continuity of care, cross-setting collaboration, wounds



  1. Thomas, Maria E. BSN, MS, RN


Objective: With guidance from Health Services Advisory Group, the Arizona Medicare Quality Improvement Organization, a Prescott, Arizona, workgroup consisting of a hospital, nursing home, and 2 home health agencies have come together to improve continuity of care as related to pressure ulcer prevention and treatment.


Methods: Weekly, then monthly, meetings were held to develop recommendations for practice standardization, a treatment grid for easy reference, an educational module with posttests, and standardized physicians' orders, which were developed and disseminated to the local provider community.


Results: More than 200 staff members were educated at Yavapai Regional Medical Center (YRMC), local skilled nursing facilities, and home health agencies. In addition, new employees and nursing students are now educated on the Providers' Coordination of Care Educational Module at YRMC. The Module has been placed on the hospital's Web site and offered free to all interested parties.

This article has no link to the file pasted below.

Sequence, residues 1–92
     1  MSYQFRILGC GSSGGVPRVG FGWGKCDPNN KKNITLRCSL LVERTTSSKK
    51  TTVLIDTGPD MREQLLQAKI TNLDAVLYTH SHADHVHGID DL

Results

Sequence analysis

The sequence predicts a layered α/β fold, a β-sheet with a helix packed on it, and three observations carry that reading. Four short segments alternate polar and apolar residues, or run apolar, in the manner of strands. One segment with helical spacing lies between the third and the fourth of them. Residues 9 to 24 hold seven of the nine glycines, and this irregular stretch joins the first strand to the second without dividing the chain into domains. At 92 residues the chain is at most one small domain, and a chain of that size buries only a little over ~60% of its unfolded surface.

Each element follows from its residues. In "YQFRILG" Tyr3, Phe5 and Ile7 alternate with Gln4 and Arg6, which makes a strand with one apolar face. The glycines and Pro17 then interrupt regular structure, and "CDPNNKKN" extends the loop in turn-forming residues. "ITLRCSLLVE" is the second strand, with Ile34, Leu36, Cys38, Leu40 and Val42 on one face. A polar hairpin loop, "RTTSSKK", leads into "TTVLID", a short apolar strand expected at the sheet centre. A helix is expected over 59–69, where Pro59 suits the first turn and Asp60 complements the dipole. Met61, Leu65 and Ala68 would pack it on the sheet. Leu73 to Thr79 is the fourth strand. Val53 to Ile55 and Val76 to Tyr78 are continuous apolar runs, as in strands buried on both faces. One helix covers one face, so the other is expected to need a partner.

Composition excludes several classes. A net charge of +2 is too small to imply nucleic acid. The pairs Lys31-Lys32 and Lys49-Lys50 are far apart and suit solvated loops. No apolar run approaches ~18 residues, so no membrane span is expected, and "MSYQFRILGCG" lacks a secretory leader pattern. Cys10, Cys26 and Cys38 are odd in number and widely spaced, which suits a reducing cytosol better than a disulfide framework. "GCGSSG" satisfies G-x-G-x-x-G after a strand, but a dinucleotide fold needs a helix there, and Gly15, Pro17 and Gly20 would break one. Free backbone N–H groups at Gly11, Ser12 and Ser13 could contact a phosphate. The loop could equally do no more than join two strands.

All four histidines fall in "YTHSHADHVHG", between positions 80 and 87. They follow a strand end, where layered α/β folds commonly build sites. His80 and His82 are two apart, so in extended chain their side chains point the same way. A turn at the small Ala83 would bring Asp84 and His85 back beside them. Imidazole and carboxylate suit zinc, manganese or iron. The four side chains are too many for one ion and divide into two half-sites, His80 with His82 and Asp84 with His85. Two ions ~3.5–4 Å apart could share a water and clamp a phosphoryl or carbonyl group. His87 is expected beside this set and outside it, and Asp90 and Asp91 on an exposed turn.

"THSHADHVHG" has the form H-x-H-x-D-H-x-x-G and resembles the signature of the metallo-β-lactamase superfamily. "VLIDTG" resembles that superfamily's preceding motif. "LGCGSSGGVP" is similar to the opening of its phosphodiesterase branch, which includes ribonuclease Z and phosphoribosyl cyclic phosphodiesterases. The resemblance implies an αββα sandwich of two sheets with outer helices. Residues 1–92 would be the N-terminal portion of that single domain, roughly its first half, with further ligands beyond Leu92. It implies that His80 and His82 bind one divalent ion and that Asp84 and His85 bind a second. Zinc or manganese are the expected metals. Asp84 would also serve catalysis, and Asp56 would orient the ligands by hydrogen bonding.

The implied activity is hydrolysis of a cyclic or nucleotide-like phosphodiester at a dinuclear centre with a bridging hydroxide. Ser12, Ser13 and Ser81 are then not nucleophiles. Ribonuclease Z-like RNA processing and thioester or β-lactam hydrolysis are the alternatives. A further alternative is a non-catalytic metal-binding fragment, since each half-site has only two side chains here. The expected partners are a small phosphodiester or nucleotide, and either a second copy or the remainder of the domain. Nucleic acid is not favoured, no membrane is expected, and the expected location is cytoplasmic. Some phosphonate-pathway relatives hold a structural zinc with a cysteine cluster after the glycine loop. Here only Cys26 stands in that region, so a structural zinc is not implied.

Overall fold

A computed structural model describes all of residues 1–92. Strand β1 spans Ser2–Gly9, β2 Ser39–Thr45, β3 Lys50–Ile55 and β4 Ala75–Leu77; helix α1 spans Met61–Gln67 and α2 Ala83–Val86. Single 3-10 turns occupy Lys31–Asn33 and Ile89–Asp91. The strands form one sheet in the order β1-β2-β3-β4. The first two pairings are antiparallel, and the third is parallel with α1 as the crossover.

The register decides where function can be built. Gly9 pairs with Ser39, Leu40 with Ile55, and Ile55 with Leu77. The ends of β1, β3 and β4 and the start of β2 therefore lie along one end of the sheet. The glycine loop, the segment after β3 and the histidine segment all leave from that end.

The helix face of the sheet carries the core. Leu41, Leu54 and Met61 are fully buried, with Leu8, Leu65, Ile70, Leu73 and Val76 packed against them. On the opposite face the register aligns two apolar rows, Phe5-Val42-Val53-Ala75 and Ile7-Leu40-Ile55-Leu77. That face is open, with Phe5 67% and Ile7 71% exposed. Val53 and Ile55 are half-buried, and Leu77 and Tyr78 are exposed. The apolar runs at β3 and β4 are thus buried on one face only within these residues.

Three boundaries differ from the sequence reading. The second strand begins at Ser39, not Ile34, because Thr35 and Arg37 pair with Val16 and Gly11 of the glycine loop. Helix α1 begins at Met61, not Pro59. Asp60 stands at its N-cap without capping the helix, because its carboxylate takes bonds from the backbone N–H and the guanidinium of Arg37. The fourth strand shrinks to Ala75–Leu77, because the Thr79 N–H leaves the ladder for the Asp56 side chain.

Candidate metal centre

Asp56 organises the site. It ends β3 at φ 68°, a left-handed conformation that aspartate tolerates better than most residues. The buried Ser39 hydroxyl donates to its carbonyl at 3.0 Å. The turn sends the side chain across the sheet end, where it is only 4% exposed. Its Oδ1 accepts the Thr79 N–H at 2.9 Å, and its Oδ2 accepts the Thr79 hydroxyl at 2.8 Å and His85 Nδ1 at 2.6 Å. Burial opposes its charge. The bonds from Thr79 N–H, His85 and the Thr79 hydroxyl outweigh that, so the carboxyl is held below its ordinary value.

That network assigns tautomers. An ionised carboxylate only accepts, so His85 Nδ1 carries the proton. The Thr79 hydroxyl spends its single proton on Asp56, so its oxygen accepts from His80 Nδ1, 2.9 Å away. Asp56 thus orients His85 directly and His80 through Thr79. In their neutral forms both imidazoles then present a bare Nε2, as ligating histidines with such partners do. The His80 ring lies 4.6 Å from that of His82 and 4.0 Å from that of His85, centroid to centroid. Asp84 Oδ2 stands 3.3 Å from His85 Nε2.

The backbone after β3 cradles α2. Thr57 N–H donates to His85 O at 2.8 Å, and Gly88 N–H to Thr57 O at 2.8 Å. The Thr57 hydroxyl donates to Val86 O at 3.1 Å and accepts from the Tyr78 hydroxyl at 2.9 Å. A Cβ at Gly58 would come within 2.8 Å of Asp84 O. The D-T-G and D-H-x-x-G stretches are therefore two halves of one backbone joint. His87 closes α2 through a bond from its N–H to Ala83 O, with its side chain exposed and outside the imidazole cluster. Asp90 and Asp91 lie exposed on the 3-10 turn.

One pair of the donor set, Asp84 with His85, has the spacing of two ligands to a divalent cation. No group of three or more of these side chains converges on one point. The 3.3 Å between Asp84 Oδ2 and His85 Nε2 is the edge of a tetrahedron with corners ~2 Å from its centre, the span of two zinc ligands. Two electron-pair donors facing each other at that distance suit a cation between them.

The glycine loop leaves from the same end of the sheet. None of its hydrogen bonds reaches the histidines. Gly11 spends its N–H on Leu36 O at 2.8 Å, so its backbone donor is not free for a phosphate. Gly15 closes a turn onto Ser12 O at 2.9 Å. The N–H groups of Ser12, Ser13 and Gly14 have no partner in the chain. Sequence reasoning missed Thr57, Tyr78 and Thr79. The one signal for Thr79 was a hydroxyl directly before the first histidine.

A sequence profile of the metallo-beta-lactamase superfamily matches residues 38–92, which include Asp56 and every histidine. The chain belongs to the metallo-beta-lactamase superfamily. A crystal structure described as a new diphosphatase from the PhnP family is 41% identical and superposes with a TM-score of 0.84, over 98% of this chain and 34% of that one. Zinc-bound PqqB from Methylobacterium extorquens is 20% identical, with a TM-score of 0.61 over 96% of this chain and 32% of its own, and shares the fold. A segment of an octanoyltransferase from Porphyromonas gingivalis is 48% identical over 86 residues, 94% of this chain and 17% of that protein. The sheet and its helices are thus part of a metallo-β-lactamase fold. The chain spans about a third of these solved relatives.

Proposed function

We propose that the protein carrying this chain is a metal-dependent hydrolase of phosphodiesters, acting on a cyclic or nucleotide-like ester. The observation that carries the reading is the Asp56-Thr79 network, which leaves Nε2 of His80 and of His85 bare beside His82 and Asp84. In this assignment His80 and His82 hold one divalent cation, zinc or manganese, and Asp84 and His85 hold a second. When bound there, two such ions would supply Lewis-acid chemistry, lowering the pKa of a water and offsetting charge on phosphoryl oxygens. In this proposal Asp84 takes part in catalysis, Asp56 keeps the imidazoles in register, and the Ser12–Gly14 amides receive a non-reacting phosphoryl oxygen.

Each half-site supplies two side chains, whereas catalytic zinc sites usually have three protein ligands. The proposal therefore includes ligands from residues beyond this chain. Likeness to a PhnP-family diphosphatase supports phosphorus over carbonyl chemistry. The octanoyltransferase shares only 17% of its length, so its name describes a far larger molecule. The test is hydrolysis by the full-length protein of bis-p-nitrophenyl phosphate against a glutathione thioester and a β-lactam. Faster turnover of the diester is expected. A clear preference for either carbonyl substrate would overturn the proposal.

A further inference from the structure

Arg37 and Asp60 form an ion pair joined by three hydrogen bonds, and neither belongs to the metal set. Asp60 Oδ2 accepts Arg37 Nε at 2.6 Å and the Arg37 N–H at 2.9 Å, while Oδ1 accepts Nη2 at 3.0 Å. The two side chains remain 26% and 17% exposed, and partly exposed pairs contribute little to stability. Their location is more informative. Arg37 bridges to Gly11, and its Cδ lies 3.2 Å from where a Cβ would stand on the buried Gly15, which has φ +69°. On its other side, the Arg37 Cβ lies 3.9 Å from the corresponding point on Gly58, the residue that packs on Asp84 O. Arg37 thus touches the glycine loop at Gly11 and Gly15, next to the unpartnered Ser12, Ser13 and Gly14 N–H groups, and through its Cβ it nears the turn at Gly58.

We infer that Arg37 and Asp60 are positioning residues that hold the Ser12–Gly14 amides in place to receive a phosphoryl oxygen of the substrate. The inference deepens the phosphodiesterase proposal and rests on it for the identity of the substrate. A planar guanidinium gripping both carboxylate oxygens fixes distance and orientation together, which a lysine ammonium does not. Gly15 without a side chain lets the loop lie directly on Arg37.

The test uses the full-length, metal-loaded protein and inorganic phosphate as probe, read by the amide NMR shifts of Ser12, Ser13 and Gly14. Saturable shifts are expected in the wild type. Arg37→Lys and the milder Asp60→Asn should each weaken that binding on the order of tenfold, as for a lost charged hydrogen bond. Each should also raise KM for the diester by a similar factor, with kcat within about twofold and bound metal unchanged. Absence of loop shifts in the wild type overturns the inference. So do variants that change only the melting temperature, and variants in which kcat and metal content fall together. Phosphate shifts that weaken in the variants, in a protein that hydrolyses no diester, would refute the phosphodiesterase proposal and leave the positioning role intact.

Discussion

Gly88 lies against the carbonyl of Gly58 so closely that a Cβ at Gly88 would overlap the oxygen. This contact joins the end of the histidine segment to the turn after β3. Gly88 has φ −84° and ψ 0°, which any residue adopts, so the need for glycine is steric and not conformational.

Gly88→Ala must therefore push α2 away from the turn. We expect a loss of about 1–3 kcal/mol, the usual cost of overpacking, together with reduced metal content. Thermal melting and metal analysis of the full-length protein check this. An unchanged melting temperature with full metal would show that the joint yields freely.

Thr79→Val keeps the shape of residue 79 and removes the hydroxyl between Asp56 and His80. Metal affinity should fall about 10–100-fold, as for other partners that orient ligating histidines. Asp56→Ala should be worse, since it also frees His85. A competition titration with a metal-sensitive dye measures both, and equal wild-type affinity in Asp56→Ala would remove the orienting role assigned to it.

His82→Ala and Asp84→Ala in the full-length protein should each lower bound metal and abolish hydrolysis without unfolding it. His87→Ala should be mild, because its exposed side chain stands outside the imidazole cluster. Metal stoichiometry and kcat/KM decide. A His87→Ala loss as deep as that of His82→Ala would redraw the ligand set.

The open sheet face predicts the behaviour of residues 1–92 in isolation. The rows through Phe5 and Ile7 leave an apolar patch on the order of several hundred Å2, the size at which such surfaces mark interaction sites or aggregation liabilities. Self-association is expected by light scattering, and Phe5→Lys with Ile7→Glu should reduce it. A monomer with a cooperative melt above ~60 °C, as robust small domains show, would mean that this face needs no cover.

Implications for case management: With pressure being mounted by Centers for Medicare & Medicaid Services, the Office of the Inspector General (OIG), and the general public, the role of the case manager (in all practice settings) will increasingly become more crucial. Through development of a network of local venues of care, the case manager can facilitate care transitions throughout the healthcare system with the goal of improved outcomes for the patient regardless of setting. Providing the right care, in the right setting to improve patient care, can only benefit our aging and declining populations.


Conclusions: Cross-setting work will become more essential as the Centers for Medicare & Medicaid Services goal of pay-for-performance is realized across all care settings. As a national priority, pressure ulcer prevention and treatment needs to be embraced by all settings. It serves the patient, as well as the healthcare providers, to improve care regardless of setting or competition. Positive results can be accomplished if the best interests of the patient are kept at the forefront. To this end, obstacles of competition and individual facility possessiveness must be overcome to achieve the desired results. Having the right mix of professionals will enhance the results. The lessons learned here can be used in any across-the-settings initiative.